The Canadian skip did not have to play a full game against either Brady Clark of the United States or Sven Michel of Switzerland. Jacobs posted a pair of identical 7-2 victories as both opponents conceded early.
The Sault Ste. Marie, Ont., enters Tuesday's games against the Czech Republic and Norway on an 11-game win streak dating to the Canadian men's curling championship in Edmonton, where he finished with a six consecutive victories.
The nightcap against the Americans lasted only six ends as Clark missed a takeout and the Canadians counted four. After consulting with his rinkmates, Clark shook hands and called it a night.
"I was really surprised actually," said Jacobs. "I thought you had to play eight ends.
"But, apparently, they asked the officials and it was OK to shake. They approved it. ... But, hey, we'll take it, because we are on (Tuesday) morning (against the Czechs.) This is nice. We'll go back to the hotel and, maybe, get a little more sleep than (in) the past week."
The quick end came even though the Americans trailed only 3-2 after five ends. In the sixth, Clark's takeout attempt went cleanly between a port and through the house. The U.S. skip said the Canadians played a perfect end, and he felt it would be better for his rink to get some early rest given the "marathon" schedule.
"Whether they got three there in the sixth end or whether they got four, to me, you're not going to really likely come back against the Jacobs rink," said Clark.
The story was similar in the afternoon as Jacobs downed Michel in just eight ends.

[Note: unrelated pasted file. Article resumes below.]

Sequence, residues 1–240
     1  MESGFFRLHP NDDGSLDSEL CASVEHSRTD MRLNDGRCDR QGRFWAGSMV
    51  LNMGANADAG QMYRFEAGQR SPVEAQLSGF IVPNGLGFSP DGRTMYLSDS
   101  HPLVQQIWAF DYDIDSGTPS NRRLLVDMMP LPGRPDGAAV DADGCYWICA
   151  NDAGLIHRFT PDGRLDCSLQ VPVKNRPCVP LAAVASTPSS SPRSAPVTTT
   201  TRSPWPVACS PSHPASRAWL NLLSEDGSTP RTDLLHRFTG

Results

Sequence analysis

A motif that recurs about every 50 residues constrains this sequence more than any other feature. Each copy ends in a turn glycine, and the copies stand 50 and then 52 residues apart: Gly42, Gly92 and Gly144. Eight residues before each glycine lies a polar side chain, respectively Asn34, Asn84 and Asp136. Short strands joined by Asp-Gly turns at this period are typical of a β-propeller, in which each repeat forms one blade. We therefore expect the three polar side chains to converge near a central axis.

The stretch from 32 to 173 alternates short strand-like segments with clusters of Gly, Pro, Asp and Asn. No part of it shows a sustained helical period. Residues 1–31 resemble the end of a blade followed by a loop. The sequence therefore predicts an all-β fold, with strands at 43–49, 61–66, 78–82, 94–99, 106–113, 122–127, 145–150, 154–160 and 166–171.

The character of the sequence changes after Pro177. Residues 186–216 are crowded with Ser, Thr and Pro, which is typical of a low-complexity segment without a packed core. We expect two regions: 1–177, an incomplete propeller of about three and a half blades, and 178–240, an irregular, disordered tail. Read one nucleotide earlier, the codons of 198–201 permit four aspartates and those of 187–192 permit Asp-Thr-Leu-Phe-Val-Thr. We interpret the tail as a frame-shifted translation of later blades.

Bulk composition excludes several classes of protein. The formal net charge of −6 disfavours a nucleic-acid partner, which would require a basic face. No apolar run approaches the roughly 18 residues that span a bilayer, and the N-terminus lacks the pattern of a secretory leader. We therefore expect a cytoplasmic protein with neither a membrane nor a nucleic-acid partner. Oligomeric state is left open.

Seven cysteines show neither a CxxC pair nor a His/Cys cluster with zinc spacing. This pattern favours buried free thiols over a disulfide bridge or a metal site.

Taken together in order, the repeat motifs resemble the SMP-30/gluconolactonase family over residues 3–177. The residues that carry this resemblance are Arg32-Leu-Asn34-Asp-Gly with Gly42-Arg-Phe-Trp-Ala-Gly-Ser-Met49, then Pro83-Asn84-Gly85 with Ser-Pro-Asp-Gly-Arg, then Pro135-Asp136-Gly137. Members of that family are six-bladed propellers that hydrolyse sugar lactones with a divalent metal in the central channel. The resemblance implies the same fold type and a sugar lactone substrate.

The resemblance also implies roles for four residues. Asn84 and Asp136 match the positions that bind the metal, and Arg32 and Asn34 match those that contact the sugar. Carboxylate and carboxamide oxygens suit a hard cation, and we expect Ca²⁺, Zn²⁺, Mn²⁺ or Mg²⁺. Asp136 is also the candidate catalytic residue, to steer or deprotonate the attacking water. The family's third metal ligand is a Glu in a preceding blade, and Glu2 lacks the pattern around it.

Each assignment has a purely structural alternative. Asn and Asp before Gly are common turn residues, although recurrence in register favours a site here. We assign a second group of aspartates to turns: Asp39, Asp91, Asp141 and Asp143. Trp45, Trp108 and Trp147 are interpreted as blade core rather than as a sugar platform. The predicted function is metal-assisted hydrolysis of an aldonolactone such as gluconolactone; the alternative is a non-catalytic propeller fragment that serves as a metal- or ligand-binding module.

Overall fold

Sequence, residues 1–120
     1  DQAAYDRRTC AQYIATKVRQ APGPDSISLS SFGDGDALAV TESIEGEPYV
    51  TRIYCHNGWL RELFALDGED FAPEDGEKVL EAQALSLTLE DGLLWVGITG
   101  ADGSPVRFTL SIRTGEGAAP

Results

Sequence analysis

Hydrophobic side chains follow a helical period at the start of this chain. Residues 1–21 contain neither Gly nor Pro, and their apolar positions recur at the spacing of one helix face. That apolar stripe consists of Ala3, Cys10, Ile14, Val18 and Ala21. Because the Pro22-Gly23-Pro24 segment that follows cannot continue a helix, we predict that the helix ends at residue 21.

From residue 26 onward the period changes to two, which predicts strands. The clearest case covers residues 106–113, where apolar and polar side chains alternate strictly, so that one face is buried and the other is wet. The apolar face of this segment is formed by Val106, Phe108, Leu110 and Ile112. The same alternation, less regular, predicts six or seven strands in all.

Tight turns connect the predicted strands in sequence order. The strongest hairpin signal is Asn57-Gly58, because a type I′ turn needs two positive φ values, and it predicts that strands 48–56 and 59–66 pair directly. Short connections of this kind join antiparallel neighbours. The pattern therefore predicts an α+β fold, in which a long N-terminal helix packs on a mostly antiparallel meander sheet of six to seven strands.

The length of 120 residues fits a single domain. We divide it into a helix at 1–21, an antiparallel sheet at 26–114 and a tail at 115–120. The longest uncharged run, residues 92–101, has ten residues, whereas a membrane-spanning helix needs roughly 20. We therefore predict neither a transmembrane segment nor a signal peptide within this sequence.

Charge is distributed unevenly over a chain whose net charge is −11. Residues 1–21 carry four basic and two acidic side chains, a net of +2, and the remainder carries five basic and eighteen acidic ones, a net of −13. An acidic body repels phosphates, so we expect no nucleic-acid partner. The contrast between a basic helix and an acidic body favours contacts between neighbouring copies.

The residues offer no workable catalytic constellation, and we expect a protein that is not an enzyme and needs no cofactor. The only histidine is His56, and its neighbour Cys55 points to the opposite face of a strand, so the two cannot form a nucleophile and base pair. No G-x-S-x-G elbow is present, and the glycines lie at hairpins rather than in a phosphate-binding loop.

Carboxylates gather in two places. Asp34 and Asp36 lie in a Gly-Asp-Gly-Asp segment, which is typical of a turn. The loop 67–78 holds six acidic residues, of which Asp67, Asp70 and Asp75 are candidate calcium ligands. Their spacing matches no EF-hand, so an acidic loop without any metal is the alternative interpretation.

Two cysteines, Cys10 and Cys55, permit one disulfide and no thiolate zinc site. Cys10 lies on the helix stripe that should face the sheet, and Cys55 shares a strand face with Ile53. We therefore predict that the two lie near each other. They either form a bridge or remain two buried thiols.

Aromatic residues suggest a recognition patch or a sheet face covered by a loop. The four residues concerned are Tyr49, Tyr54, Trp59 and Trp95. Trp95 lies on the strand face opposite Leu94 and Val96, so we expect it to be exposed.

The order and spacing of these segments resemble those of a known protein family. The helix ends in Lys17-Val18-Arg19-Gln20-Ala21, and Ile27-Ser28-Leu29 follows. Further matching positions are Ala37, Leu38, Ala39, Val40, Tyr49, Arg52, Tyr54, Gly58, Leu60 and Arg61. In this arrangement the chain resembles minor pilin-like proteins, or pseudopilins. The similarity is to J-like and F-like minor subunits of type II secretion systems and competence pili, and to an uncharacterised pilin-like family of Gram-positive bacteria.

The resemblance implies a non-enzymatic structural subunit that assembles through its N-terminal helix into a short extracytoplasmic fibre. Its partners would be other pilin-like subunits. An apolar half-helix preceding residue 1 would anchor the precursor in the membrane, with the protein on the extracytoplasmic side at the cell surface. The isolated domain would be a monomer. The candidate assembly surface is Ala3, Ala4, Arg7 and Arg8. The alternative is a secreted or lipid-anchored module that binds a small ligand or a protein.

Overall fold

Canada led 6-1 after five ends and 6-2 after six. When Jacobs made a runback for one more in the eighth, Michel shook hands.
"We had some really difficult shots, but they played really well, and we had no chance at the end," said Michel.
Jacobs said lessons learned at the Brier are continuing to pay off at the worlds.
"We have been able to keep rolling along, even after the two-or-three-week break," said Jacobs. "I just think that what we had, what we found, in ourselves at the Brier, those last six games, really helped us get to this point and know how we have to be from now on — not just here but (for) every event."
The 27-year-old is trying to become the youngest Canadian to win a world title since Edmonton's Kevin Martin prevailed at the age of 24 in 1991. Canada has won the past three world crowns.
"I'm happy that we're performing pretty much each and every game," said Jacobs. "We had that little slip-up against Finland (when the Finns scored four in one end.)
"That's fine. We came back, but we're still going out with the same intensity, the same focus and putting on great performances like we did at the Brier."
Jacobs said his Canadian title, the first for Northern Ontario since Al Hackner triumphed in 1985 en route to a world title, has given his rink the confidence to take several high-risk shots that it continued to make with the Swiss.
"If you're not playing with confidence, you're not trying the shots that we're trying," said Jacobs.
The quick win enabled Jacobs and his crew to head to dinner early in advance of the non-contest against the Americans.
But Canadian third Ryan Fry was not in the mood to celebrate the rink's unbeaten record. He needed only one word to summarize what it means — nothing.
"We're here to make the playoffs," said Fry. "So until we achieve that goal, it means very little."
The two Canadian wins could prove critical because Scotland's David Murdoch, China's Rui Liu and Sweden's Niklas Edin also posted two wins apiece Monday to retain a share of second place with 4-1 marks.
Murdoch capped his strong rebound from a loss to Canada on Sunday by downing Switzerland 8-6.
In other evening play, Finland Aku Kauste (1-4) earned his first win with a 6-5 decision over Japan (1-4), and Denmark's Rasmus Stjerne (3-2) upset Vancouver 2010 Olympic silver medallist Thomas Ulsrud of Norway (3-2) by a 7-5 count in an extra end.
The top four teams qualify for the playoff round, which begins Friday.